The title of this posting refers to the excellent article from David Dobbs I bookmarked very recently. I’d like to present you a very interesting initiative from French bioscience research program for high-school students called “Tous chercheurs”. The Community Page of the very last PLoS Biology is dedicated to this project and I find it really great. Because, indeed, publishing your science paper is only half of the job.
Gregory Petsko wrote a small comment in the very last Genome Biology titled Shadows on the wall. A very angry but still contained one, nicely written and important to think about. Here is some of my thoughts about.
Loet Leydesdorff and Ismael Rafols have written a paper aiming at introducing citation-based indicators for interdisciplinarity. Here is the abstract, the whole publication is available for download at arXiv:
The cocoa genome has been released last week, by Mars (you know, the company producing M&M’s and suchlikes). They announced it as data released in the public domain. This sounds great! Well, it only sounds…
A very interesting insight into funding procedures comes in the latest Nature. This 3-page testimonial by Kendall Powell describes a decisionary session at the American Cancer Society (ACS), the largest private non-profit funding agency for cancer research in the US. Recommended reading and lots of food for the brain…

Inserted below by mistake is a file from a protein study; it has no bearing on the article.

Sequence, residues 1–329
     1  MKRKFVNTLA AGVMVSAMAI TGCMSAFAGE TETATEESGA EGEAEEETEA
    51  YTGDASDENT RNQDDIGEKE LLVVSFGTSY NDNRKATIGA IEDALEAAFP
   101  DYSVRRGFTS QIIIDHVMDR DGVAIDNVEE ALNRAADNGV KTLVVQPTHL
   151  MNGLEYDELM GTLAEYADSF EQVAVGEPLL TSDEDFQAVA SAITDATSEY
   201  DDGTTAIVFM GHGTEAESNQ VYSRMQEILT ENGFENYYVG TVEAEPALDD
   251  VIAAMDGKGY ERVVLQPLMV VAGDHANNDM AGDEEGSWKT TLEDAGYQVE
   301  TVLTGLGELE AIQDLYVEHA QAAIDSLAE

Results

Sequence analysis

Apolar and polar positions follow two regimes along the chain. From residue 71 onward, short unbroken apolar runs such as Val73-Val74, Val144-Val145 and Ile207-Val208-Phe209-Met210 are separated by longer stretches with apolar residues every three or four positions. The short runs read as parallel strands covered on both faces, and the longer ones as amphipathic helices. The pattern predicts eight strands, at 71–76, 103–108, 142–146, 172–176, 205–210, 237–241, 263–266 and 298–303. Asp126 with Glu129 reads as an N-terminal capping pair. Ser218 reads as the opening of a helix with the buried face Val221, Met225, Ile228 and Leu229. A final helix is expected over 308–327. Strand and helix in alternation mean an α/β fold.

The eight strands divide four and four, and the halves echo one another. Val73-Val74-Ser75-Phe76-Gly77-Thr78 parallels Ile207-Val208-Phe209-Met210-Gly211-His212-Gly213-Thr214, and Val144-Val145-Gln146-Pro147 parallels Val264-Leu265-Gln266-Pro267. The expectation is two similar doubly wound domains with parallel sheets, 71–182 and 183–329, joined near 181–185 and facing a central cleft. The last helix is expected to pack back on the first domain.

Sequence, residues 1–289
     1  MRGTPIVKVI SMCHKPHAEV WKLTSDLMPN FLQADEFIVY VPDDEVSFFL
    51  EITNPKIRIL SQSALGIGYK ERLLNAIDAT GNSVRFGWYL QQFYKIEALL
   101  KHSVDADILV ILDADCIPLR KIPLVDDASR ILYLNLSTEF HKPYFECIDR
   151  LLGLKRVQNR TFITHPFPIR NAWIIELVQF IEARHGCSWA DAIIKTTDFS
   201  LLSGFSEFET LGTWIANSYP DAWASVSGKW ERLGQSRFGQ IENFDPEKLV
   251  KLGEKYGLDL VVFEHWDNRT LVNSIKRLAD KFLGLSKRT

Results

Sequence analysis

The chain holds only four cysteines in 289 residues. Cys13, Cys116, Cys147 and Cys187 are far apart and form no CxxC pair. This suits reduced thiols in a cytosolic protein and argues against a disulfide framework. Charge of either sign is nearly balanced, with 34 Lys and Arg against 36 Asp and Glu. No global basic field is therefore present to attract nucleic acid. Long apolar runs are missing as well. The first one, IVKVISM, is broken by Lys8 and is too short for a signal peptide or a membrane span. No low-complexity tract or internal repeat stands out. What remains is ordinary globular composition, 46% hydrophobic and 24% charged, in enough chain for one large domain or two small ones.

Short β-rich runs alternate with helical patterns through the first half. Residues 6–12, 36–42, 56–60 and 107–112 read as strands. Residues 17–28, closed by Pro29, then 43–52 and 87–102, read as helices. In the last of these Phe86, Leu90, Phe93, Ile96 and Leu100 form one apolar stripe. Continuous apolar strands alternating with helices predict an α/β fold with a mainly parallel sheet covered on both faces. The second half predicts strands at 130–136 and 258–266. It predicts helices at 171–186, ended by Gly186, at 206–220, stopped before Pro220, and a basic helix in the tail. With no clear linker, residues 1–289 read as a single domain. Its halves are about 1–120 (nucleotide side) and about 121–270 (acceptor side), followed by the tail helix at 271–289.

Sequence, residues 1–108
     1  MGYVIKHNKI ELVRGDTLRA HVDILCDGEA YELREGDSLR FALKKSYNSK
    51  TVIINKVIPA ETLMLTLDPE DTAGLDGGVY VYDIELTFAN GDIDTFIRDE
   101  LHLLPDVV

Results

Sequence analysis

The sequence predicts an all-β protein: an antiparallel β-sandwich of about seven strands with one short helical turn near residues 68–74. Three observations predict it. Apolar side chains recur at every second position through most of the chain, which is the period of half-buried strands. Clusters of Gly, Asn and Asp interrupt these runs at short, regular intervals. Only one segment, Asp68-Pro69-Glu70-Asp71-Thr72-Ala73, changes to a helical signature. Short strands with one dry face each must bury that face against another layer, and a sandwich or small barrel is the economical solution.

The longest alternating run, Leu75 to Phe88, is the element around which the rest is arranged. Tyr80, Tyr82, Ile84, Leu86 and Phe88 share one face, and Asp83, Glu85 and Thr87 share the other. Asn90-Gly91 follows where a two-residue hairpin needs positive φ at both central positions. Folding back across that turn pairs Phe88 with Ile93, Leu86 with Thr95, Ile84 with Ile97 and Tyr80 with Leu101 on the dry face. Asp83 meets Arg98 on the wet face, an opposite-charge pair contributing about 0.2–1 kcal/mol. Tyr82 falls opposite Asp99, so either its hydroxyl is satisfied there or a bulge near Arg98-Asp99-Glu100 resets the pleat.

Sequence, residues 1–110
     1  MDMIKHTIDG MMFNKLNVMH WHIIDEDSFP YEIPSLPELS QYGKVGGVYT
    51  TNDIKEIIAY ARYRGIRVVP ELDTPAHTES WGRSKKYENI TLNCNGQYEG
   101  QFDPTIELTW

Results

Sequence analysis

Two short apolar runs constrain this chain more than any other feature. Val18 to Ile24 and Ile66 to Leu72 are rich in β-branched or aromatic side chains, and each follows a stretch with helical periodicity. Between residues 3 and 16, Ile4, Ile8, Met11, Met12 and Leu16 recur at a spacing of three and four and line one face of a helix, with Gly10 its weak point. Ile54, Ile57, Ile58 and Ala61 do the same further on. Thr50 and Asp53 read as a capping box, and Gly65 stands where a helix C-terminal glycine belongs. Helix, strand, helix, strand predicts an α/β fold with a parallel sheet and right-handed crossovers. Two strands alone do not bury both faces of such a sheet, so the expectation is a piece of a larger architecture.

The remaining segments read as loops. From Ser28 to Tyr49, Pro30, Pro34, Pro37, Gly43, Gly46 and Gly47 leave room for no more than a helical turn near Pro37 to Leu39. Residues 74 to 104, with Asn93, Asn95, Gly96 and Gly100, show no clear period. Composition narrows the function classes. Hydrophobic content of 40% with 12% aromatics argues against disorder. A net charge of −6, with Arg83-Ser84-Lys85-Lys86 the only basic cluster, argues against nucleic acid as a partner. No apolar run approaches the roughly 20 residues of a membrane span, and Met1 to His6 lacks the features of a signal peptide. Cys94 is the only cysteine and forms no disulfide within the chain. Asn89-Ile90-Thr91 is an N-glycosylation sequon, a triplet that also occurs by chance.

Whereas professionals from medical care have the Hippocratic oath and researchers on human have the Nuremberg code for ethics to subscribe to, there are no such guidelines for people in sciences. The 2nd World Conference on Research Integrity in Singapore took place at the end of July this year. The output of this meeting gathering more than 300 individuals from 51 countries is the Singapore Statement on Research Integrity released on September 22.
An excellent posting from David Dobbs and the importance of bringing your research to non scientists. I particularly liked the conclusion:
Getting your research out there and taking time out from the lab is a pain, no doubt. But if you’re a scientist, surely you don’t expect the rest of us to just assume your work is important. No. If you want the world to believe that your work is important and that modern life and a free society depend on a rigorous, evidence-based approach to things, you wouldn’t ask us to take it on faith. You’d want to show us the evidence.
Cameron Neylon is inviting today everybody to join and take actively part in a poject to redefine bibliographic metrics. Creating this kind of system is essential for sharing knowledge and “there is an opportunity to connect technical expertise and data with the needs of funders, researchers, and perhaps even the mainstream media and government.”. The current proposal stands for a Barcamp day in UK followed by two-day hackfest. The proposal is available to view and edit as a GoogleDoc.
This is an open access journal launched very recently and focused on medical research. It aims at publishing not only full-text reports, but also pilot studies and pre-protocols. Moreover, all data will be published online and reviewers’ comments will figure alongside the main text. This initiative emphasizes the importance of transparency and data sharing in science. Support BMJ Open, submit your results there!